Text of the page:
NTSB Safety Recommendations9/22/2009 [PDF]
Re: Urgent Safety Recommendations by the National Transportation Safety Board
I write to you today to follow-up on two urgent recommendations that were issued today by the National Transportation Safety Board (NTSB). These recommendations have resulted from the ongoing investigation of the deadly collision between two Washington Metropolitan Area Transit Authority (WMATA) Metrorail trains on the Red Line on June 22, 2009. As you know, nine persons died and 70 persons were injured as the result of this two-train collision.
The NTSB's recommendations pertain to rail transit operators that use audio frequency track circuits in their train control systems. The FTA advises such operators that post accident testing following the June 22, 2009, collision identified the existence of a spurious signal generated in a track circuit module transmitter by parasitic oscillation propagated from the transmitter through a metal rack to an adjacent track circuit module receiver, and through a shared power source. This spurious signal established an unintended signal path and mimicked a valid track circuit signal, bypassed the rails, and was sensed by the module receiver. As such, the ability of the track circuit to detect the train was lost.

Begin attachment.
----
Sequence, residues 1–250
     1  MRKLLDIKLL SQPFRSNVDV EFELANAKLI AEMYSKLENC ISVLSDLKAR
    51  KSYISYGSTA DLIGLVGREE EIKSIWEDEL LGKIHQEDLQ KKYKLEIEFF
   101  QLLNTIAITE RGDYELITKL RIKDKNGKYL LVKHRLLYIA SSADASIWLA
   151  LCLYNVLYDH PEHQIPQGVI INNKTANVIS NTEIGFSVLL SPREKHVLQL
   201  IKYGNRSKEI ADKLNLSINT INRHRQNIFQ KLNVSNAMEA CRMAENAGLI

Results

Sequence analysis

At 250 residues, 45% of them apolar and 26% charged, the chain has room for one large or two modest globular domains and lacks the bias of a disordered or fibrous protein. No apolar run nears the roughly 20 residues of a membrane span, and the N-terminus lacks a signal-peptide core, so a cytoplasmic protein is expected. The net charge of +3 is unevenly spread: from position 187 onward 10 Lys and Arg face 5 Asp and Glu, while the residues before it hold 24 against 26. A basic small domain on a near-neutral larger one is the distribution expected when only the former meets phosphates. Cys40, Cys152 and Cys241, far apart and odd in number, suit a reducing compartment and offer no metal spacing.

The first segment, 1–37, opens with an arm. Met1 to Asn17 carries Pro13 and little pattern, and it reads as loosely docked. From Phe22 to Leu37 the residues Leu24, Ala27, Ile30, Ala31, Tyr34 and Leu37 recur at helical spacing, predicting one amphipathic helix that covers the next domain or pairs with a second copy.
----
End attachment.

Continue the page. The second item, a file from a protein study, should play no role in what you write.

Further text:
In the wake of this finding, the FTA immediately advises all the pertinent operators to examine track circuits that may be susceptible to parasitic oscillation and spurious signals capable of exploiting unintended signal paths and eliminate those adverse conditions. Failing to do so could affect the safe performance of your train control systems. This work should be conducted in coordination with your signal and train control equipment manufacturers.
FTA will provide further direction shortly regarding the need for the same universe of operators to develop a program to periodically determine that electronic components in their train control systems are performing within design tolerances.
We at the FTA and the U.S. Department of Transportation hold safety as our number one priority. I cannot overstate the urgency that train operators utilizing the pertinent signal systems attend immediately to this important safety advisory.
Please call me directly on (202) 366-4040 if I can be of further assistance.
Peter M. Rogoff